Psychology leaders focus on new and traditional practice models
Approximately 400 psychology leaders from the United States, its territories and Canada gathered in Washington, D.C., from Feb. 27-March 1 during the 2016 State Leadership Conference (SLC) to learn, network and gather ideas to take home. Nearly a third of the leaders were early career psychologists.
The annual event, sponsored by the American Psychological Association and APA Practice Organization, provided an important opportunity for leaders to come together to engage in advocacy efforts that are vital to professional psychology. Congressional Management Foundation research shows that visits from constituents is by far the most influential form of advocacy. On the final day of the conference, SLC attendees took the following advocacy messages to meetings on Capitol Hill with members of Congress and their staff:
- Co-sponsor the Medicare Mental Health Access Act H.R. 4277 and S. 2597.
- Enact consensus, bipartisan mental health reform legislation (H.R. 2646 and S. 1945).
This year’s conference — with its theme of expanding the practice spectrum — explored both new and traditional models of psychological practice in the changing health care marketplace. The theme grew out of a successful multistate summit on integrated health care and alternative practice models held in New York last May. The Practice Organization’s Legal & Regulatory office collaborated on that pilot summit with the psychological and neuropsychological associations in New York and surrounding states.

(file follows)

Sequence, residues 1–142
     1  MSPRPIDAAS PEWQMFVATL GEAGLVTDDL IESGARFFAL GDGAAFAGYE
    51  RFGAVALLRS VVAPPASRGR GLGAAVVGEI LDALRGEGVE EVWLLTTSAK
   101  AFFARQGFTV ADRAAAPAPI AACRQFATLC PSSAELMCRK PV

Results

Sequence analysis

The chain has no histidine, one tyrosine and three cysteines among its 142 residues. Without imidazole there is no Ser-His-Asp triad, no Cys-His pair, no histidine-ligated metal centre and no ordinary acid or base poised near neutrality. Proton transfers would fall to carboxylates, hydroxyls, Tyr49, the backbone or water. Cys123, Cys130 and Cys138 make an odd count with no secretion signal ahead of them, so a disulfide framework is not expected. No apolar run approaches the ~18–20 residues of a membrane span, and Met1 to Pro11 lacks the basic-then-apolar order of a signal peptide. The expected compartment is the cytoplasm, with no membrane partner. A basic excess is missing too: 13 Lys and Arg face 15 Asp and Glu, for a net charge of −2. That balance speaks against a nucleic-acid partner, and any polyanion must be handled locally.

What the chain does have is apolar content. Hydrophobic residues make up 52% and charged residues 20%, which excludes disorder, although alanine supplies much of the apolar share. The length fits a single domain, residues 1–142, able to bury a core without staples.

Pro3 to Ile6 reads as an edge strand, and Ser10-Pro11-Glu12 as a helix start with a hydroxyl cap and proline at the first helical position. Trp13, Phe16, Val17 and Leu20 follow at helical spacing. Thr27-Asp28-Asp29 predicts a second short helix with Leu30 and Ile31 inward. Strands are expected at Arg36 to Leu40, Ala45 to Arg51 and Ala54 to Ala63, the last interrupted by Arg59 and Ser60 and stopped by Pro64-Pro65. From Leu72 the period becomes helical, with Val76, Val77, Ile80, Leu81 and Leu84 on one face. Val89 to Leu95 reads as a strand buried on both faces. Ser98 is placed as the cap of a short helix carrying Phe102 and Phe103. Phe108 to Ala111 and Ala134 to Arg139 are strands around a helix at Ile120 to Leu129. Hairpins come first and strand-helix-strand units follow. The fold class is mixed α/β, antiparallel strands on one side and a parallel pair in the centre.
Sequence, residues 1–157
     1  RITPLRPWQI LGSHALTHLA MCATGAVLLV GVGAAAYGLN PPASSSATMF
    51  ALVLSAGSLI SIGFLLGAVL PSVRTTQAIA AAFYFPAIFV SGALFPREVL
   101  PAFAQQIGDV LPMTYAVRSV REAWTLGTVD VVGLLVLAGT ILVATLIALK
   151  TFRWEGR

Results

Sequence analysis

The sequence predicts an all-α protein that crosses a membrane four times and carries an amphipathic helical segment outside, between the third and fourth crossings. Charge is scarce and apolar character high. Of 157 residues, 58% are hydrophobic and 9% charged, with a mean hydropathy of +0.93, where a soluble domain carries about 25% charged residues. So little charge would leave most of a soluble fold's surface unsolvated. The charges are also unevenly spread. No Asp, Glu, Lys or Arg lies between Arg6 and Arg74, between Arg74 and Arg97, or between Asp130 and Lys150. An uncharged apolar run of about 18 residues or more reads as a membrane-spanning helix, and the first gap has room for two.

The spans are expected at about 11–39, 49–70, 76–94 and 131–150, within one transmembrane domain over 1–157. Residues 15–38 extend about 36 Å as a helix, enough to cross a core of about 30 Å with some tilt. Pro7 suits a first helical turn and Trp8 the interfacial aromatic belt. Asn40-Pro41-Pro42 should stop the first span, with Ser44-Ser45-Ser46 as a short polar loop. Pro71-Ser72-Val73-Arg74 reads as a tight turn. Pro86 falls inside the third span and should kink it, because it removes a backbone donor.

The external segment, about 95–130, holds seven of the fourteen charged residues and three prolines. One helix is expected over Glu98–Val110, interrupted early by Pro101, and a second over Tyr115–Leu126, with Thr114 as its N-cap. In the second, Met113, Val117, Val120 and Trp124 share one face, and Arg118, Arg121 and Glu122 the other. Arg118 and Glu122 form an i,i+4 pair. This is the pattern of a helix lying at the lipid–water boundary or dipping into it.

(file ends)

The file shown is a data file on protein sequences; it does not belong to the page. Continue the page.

APA Executive Director for Professional Practice Katherine C. Nordal, PhD, welcomed SLC participants with an address that set the stage for the theme and highlighted conference programming. She also showcased the Practice Organization’s work over the past year (PDF, 1.60MB) in legislative and legal advocacy.
The opening session featured presentations from three psychologist innovators, Nancy Breen Ruddy, PhD, Arthur C. Evans, PhD, and Geoffrey Kanter, PhD, ABN, ABPdN. The presenters, respectively, spoke about easy steps any clinical practice can take to work with medical practices in the community, ways psychologists can improve the health outcomes of underserved populations through creative engagement, and a management services organization model that can streamline the business of practice, while letting smaller practices share in the resources and marketing power of a larger entity. Psychology leaders had many questions for the presenters in the town hall style discussion that followed the presentations. Subsequent workshops further explored many of the themes raised by the opening session speakers.
On Sunday night, the Practice Organization's political action committee, APAPO-PAC, honored former Gov. Ted Strickland, D-Ohio, at its annual Black Tie Dinner. Strickland, a psychologist and former member of Congress, is a current candidate for U.S. Senate. Strickland was the first psychologist elected to the U.S. House of Representatives, and if he wins in November, he will be the first psychologist elected to the U.S. Senate.
More than 50 psychologists and graduate students attended the dinner. The Strickland campaign reported raising over $50,000 that evening from fellow psychologists.
Highlights and content from the conference relevant for practitioners will be featured in issues of this PracticeUpdate e-newsletter and the APA Practice Organization’s Good Practice magazine, as well as APA’s Monitor on Psychology. Conference content on alternative practice models and integration will be replicated in upcoming regional summits in Washington, D.C., on May 20 and Chicago on June 24.
Videos of the welcoming remarks and opening session will be available online at the APA Practice Organization’s Practice Central website in the coming weeks.